The Materials, Properties, and Theory of Superconductivity Essay

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The purpose of this paper is to examine the materials, properties, and theory of superconductivity, a quantum phenomenon that occurs when a material is brought below a critical temperature and will conduct electricity without any resistance, the nearest model in nature to perpetual motion. According to Ecks (1990), Once current is applied to a superconducting material the current will continue in a closed lope without ever losing intensity. (Ecks, 1990) Superconductive materials can greatly vary in mechanics and materials. They are separated into Type 1 and Type 2 superconductors. All superconductors display the unique ability to repel magnetic fields, known as the Meissner effect. According to Shachtman (2000), Superconductivity was…show more content…
In superconductive materials a small fraction of electrons undergo a process known as Cooper pairing. At very low temperatures the passing of electrons through a crystal lattice causes the lattice to warp inwardly toward the electrons, creating sound packets termed phonons. These phonons, according to the theory, produce a channel of positive charge. (Ecks, 1990) According to Goldman (2000), Electrons that normally would repel one another, pair up in these channels of positive charge. The individual electrons cease to have meaning and occupy a single stable quantum state, known as a bose-einstein condensate. (Goldman, 2000)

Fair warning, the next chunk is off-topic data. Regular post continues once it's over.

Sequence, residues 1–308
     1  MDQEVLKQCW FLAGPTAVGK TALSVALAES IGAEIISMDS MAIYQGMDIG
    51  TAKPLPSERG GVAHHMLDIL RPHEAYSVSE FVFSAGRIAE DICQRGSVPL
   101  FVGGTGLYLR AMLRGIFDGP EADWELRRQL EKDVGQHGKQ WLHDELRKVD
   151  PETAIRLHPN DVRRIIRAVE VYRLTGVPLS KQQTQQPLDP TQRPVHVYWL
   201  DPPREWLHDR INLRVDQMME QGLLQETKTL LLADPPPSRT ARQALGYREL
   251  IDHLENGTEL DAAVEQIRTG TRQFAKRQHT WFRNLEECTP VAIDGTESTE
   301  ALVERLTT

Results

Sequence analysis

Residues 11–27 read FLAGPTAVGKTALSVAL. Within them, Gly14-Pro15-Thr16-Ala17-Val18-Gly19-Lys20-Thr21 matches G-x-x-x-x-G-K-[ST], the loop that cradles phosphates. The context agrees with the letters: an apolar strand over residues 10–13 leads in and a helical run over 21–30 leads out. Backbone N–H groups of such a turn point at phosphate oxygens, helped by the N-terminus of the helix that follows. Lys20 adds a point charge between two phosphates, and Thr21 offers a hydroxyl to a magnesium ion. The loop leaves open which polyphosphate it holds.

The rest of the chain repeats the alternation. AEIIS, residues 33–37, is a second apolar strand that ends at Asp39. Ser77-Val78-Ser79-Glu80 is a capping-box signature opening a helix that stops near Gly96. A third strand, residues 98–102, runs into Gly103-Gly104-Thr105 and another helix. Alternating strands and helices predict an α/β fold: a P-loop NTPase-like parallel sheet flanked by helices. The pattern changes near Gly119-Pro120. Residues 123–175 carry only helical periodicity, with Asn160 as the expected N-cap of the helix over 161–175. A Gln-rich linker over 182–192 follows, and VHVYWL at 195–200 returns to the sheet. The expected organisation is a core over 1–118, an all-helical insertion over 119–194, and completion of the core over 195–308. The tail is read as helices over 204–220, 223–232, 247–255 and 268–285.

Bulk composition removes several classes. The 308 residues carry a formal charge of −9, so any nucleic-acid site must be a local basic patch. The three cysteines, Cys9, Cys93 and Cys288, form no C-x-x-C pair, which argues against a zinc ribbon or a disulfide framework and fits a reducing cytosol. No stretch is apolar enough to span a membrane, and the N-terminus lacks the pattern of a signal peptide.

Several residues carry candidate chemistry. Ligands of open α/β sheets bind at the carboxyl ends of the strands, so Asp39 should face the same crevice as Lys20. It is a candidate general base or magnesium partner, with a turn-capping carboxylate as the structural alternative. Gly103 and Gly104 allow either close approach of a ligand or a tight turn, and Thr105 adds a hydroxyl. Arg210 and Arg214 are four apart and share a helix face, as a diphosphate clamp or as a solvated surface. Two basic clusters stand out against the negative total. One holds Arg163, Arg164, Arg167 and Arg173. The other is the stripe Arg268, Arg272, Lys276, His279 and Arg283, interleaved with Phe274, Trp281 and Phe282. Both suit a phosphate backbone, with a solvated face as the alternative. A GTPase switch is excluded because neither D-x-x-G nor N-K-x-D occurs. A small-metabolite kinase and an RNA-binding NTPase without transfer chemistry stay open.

According to Ecks (1990), Among most chemical elements, Cooper pairing is accomplished through vibrations at the molecular level within the crystal lattice structures of the atoms. Copper, silver, gold, and other non superconductive metals have tightly packed lattice structures that constrain the vibrations required for Cooper pairing. (Ecks, 1990) Theoretically these materials can superconduct, but the transitions to superconductivity must be at such low temperatures and require such great purity of material that they have not been proven conclusively. (Nave, 2000) Electrical resistance in metals arises because electrons traveling through the solid are scattered due to deviations from

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